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The landmark case of Graham v Connor, the framework that police officers are bound to follow with regards to use of force, sets forth the following standard: a person is justified in using force against another when and to the degree the actor reasonably believes the force is immediately necessary to protect the actor against the other’s use or attempted use of force. This standard seems simple enough, but what happens when an officer’s actions contributed to being in the position for the shooting to actually take place? Is there a difference between a good police shooting and a justified police shooting? This course will challenge investigators to view officer involved shooting investigations not only from a departmental perspective, but also from a constitutional perspective.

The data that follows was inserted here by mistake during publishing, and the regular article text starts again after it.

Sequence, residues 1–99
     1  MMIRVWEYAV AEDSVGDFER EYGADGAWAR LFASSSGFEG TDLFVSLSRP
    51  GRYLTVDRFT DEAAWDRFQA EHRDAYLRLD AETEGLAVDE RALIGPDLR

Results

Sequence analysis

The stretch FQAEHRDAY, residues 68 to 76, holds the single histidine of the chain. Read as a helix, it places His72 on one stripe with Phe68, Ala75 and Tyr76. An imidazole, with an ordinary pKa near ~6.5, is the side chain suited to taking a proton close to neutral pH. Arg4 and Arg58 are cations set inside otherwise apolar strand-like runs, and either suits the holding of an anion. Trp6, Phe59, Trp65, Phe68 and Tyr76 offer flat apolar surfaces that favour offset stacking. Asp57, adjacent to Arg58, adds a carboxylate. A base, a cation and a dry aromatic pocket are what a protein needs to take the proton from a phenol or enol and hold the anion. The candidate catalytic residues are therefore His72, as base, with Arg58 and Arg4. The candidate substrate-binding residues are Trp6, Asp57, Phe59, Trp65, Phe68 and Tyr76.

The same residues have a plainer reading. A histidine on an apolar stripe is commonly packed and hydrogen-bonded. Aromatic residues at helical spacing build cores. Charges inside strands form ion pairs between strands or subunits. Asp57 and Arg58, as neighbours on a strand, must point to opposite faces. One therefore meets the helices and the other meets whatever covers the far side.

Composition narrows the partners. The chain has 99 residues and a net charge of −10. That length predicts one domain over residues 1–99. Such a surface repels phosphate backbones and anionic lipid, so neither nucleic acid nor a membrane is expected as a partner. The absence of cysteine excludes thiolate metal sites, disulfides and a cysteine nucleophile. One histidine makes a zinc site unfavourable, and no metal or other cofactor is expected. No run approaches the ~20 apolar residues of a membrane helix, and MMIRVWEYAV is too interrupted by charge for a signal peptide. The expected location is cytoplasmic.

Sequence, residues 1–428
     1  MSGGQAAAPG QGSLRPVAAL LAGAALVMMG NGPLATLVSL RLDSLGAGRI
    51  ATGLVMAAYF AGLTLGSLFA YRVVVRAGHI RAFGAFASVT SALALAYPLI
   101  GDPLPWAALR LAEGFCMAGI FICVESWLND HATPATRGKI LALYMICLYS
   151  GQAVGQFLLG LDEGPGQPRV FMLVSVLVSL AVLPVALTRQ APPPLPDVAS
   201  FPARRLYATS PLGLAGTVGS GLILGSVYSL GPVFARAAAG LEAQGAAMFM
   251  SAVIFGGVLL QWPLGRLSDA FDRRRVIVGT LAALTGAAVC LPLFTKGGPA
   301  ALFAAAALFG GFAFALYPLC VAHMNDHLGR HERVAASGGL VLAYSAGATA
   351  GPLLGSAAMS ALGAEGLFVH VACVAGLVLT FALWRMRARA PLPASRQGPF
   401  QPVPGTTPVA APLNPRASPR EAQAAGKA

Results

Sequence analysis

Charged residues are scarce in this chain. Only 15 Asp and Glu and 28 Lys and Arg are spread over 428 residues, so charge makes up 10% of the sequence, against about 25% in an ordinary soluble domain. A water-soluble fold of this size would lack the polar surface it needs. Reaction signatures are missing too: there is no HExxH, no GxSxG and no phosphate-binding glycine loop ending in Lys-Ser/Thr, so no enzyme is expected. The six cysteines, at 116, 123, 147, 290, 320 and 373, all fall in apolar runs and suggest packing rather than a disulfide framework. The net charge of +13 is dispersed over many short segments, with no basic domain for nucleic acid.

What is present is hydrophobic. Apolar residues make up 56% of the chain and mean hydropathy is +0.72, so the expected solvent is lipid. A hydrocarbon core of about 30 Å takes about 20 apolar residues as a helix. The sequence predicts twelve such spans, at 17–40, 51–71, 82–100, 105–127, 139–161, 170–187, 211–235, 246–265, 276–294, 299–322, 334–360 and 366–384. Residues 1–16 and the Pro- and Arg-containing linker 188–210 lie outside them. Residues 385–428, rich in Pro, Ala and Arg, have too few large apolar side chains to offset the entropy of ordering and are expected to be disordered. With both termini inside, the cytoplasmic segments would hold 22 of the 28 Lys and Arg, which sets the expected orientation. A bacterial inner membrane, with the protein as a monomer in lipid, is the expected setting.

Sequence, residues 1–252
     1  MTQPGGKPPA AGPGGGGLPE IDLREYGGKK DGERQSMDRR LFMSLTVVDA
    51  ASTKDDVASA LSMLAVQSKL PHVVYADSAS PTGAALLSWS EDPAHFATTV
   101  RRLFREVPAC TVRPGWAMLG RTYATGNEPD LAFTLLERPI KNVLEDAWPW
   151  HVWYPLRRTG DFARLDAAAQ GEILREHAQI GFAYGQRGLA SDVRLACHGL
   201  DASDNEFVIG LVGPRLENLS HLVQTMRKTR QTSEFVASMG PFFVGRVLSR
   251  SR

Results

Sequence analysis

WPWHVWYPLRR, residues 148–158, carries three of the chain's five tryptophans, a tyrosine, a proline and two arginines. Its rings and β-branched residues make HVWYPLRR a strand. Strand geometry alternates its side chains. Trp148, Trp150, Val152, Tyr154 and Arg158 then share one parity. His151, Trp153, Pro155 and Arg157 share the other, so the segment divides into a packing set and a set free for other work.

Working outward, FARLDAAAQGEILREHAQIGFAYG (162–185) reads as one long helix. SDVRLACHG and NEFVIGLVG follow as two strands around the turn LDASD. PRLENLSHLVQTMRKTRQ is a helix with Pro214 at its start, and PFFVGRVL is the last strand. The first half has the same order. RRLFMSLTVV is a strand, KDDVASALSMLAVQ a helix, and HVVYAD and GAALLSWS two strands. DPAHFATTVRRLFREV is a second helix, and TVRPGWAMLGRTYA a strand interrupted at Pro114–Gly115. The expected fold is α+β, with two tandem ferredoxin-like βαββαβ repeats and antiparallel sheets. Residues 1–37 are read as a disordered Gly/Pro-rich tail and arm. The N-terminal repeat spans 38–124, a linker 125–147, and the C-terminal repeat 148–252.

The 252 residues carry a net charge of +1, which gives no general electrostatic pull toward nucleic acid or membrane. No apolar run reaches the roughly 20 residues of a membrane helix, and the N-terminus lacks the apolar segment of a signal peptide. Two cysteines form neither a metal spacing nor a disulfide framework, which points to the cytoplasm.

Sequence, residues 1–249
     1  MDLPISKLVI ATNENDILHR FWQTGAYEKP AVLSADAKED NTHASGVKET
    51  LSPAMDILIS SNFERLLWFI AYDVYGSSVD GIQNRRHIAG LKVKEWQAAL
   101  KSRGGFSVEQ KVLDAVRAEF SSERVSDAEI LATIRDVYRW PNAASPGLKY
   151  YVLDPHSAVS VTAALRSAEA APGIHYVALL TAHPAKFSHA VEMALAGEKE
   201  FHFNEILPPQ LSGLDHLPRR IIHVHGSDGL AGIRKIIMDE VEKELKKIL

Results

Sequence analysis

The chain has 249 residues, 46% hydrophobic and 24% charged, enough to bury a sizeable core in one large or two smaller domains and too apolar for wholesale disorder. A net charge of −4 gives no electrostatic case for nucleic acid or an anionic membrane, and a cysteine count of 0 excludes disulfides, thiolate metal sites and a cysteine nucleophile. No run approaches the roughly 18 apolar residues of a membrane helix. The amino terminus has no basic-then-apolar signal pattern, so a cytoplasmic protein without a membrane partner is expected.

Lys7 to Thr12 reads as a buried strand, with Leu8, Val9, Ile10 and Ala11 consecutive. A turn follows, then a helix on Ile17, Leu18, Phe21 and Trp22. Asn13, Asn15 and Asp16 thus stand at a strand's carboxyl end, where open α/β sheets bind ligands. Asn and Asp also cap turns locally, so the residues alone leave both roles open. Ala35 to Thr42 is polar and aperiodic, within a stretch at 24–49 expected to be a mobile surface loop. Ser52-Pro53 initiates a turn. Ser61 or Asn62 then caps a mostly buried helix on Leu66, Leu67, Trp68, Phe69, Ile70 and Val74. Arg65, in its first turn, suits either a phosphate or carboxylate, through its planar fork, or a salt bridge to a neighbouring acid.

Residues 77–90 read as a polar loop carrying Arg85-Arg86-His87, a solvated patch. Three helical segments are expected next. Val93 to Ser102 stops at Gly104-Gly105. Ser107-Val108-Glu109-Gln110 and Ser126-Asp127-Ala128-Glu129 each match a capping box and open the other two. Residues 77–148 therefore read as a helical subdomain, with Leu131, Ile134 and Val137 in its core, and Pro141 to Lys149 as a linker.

This course is designed for investigators, supervisors, policy makers, and command-level staff in both patrol and detention assignments. The class uses actual cases and problem-solving to address:
The class is taught by Craig Miller, retired Deputy Chief of Police for the Dallas Police Department. Chief Miller enjoyed a 30-year career, which included commanding the Crimes against Persons Division, with responsibility for overseeing all criminal investigations involving murder, sex assaults, robberies and the CSI function in a city of 1.3 million people. Chief Miller is a Master Texas Peace Officer with a BA degree from the University of Memphis and is a graduate of the Command Management School of the Southwest Legal Foundation.
This 12-hour class starts each day at 8:00 a.m. Tuition Fees can only be refunded if the disenrollment request is received more than 3 business days before the first scheduled day of the class.
21 people are attending Officer-Involved Lethal Force Investigations: Police Policies v Constitution